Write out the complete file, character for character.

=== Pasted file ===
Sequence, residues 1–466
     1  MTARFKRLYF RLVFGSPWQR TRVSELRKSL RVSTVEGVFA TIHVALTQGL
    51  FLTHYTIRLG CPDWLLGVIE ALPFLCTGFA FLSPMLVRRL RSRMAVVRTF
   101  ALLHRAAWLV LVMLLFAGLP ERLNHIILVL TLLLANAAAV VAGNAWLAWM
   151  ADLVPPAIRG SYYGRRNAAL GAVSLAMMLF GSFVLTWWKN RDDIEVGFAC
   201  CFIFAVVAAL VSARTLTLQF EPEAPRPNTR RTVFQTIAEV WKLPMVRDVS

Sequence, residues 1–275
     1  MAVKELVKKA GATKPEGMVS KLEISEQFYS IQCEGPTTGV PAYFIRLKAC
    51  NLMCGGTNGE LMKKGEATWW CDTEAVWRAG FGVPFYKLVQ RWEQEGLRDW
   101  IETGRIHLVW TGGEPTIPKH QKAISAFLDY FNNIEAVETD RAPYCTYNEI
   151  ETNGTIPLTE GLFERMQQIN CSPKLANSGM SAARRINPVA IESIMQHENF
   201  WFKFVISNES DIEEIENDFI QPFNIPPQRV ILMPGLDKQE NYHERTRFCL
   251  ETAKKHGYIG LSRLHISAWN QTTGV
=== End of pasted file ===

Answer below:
Sequence, residues 1–466
     1  MTARFKRLYF RLVFGSPWQR TRVSELRKSL RVSTVEGVFA TIHVALTQGL
    51  FLTHYTIRLG CPDWLLGVIE ALPFLCTGFA FLSPMLVRRL RSRMAVVRTF
   101  ALLHRAAWLV LVMLLFAGLP ERLNHIILVL TLLLANAAAV VAGNAWLAWM
   151  ADLVPPAIRG SYYGRRNAAL GAVSLAMMLF GSFVLTWWKN RDDIEVGFAC
   201  CFIFAVVAAL VSARTLTLQF EPEAPRPNTR RTVFQTIAEV WKLPMVRDVS

Sequence, residues 1–275
     1  MAVKELVKKA GATKPEGMVS KLEISEQFYS IQCEGPTTGV PAYFIRLKAC
    51  NLMCGGTNGE LMKKGEATWW CDTEAVWRAG FGVPFYKLVQ RWEQEGLRDW
   101  IETGRIHLVW TGGEPTIPKH QKAISAFLDY FNNIEAVETD RAPYCTYNEI
   151  ETNGTIPLTE GLFERMQQIN CSPKLANSGM SAARRINPVA IESIMQHENF
   201  WFKFVISNES DIEEIENDFI QPFNIPPQRV ILMPGLDKQE NYHERTRFCL
   251  ETAKKHGYIG LSRLHISAWN QTTGV